Subsequently, Hadi fled from Yemen and remained in exile, while his government remains in operation. Taking advantage of this chaos, al-Qaeda in the Arabian Peninsula (AQAP) and rival affiliates of Islamic State (IS) conducted deadly attacks and seized part of the south. The separatist Southern Transitional Council (STC), who reluctantly supported the Yemeni government in the war, called for Prime Minister Ahmed bin Daghar to resign this January, citing corruption and mismanagement; this caused an infighting among the coalition and further complicated the situation.

The result is a recorded death toll of more than 6,800 and a further 10,700 injured since 2015, according to the UN, although it is believed the number of deaths is much higher. Most of the casualties were caused by Saudi-led air strikes in areas like residential areas (60), marketplaces (11) and civilian boats (11), according to a report commissioned by the UNHRC; it said these may amount to war crimes.

Around 75% of the population require humanitarian assistance, with 11.3 million requiring immediate assistance in order to survive. More than 3 million people had to move homes, with 2 million still displaced. Many government employees have not received any wages for months or even years.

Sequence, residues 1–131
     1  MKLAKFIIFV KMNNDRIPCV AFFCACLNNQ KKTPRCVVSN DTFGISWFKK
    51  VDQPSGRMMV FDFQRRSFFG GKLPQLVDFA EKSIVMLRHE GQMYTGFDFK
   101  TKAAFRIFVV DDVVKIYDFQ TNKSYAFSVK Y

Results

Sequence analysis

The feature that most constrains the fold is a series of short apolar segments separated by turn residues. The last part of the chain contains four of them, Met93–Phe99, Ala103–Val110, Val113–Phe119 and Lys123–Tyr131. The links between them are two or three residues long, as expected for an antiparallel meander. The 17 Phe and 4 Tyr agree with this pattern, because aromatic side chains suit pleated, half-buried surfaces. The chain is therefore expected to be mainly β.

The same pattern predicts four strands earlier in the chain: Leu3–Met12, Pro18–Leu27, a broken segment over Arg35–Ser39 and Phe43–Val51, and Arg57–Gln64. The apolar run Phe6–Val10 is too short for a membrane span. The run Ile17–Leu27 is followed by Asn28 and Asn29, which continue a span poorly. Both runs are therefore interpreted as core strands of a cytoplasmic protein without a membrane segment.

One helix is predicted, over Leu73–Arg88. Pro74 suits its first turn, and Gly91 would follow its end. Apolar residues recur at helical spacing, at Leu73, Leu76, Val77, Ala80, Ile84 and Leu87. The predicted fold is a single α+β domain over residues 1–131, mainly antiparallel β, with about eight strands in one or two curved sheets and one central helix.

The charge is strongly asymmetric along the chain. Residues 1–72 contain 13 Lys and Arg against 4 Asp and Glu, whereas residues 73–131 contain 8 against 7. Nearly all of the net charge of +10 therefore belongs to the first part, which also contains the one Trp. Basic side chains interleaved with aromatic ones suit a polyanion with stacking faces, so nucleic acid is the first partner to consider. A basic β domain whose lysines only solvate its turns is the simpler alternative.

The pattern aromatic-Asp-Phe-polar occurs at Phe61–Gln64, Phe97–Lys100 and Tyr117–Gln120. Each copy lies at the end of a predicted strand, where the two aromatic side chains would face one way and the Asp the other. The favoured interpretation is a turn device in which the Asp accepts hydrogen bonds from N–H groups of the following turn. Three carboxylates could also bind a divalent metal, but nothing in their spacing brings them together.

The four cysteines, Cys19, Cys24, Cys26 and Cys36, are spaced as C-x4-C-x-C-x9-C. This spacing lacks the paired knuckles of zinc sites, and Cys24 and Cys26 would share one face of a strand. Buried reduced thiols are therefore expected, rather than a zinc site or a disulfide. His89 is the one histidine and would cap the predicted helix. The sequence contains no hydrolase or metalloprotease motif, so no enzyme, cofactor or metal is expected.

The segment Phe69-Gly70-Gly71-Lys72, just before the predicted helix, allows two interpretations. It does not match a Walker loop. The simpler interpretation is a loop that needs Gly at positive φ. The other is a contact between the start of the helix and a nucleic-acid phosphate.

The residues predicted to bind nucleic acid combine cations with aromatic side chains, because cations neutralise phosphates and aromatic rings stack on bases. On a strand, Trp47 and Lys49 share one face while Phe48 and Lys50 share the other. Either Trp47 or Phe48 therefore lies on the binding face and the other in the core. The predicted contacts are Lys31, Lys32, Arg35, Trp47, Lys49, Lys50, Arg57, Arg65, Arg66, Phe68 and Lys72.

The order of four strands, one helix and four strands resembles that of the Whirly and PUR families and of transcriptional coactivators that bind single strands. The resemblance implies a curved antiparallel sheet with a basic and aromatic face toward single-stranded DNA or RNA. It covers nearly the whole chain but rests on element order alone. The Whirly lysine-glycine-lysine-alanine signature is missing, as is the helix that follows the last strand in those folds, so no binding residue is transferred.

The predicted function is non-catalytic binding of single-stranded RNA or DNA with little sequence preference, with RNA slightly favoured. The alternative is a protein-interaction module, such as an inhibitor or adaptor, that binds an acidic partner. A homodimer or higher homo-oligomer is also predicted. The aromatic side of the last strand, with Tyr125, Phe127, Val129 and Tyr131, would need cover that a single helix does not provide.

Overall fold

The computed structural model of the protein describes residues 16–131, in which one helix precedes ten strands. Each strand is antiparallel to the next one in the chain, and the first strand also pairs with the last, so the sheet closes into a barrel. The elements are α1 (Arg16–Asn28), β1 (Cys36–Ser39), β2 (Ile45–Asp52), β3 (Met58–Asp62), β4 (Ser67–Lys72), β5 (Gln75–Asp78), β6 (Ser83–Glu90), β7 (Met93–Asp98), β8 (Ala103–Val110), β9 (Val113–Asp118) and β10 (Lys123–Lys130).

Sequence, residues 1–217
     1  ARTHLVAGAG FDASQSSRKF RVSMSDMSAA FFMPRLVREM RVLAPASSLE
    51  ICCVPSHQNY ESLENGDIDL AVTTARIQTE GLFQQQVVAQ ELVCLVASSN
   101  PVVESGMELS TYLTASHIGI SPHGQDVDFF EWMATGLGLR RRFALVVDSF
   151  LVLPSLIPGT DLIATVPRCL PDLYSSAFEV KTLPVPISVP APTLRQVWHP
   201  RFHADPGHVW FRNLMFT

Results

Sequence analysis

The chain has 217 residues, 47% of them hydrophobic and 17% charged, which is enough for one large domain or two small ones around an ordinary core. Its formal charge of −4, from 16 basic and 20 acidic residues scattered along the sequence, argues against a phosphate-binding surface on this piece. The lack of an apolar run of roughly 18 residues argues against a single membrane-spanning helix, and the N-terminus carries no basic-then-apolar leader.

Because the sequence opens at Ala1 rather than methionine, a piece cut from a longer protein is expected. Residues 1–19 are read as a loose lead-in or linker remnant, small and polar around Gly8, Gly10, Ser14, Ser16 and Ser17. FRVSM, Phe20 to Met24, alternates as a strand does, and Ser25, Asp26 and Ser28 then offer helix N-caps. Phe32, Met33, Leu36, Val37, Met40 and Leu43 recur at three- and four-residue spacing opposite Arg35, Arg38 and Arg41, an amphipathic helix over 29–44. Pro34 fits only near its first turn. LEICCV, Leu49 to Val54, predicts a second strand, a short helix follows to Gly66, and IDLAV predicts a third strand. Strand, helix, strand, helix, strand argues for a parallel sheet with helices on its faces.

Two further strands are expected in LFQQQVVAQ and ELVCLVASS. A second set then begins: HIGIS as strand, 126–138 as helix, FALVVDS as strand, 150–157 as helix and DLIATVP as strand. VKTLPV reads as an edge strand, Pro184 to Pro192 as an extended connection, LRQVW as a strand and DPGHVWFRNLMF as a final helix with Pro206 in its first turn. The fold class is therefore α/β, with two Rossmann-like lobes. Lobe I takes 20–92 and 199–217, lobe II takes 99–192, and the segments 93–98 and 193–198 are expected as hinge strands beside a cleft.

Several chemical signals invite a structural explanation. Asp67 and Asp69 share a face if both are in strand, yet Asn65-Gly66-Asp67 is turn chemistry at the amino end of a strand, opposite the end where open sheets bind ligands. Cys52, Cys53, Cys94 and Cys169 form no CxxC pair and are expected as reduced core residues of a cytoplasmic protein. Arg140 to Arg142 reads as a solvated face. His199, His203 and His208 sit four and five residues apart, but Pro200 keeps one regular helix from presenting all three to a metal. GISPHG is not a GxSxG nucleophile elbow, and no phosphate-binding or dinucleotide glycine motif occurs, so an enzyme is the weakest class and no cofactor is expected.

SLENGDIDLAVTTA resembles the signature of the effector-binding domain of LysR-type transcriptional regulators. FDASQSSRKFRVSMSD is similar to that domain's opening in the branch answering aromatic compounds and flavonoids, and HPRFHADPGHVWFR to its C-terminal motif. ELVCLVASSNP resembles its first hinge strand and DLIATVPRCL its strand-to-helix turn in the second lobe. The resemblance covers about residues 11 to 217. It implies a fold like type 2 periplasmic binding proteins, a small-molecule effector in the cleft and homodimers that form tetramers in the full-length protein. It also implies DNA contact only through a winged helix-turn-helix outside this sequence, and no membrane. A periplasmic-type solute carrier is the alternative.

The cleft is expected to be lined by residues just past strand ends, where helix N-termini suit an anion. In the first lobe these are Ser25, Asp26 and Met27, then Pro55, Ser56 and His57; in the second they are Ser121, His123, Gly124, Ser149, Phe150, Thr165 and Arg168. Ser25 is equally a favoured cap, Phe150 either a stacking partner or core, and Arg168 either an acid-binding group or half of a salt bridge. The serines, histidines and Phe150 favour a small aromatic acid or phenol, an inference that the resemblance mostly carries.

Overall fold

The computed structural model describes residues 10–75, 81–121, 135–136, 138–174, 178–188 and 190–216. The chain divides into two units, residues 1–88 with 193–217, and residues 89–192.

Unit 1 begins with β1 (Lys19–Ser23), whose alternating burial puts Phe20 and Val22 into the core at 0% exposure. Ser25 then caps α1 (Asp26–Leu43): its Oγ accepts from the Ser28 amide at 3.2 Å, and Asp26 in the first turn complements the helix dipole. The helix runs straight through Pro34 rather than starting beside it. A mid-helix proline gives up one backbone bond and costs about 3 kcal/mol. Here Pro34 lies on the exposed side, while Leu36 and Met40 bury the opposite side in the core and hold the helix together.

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Ruins in Aden. Source: BBC News.

The biggest threat to Yemeni civilians is famine, which has multiple causes. Yemen relies heavily on food imports. In part due to a lack of freshwater, it can only grow 5% of the wheat it consumes. Since the war began, the Saudi-led coalition imposed a naval blockade on Houthi-controlled areas, which were responsible for handling 80% of the country’s imports. Unsurprisingly, commercial imports plunged by 30% from this May to August. The Houthis exacerbated the problem by charging taxes on goods passing through the areas they control. Combined with the 300% depreciation of the Yemeni currency, Yemen’s inflation rate currently stands at a staggering 41.8% (see graph below).

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Yemen inflation rate, average consumer prices. Source: the IMF, World Economic Outlook (October 2018)

The UN has expressed its concern regarding the situation and said military action should not be the solution to the Yemeni conflict. Pledges worth 2 billion dollars were made towards UN humanitarian action in Yemen by 40 member states and organisations last year. The UN, however, has acknowledged obstacles in implementation, such as movement restrictions and attempted interference and harassment.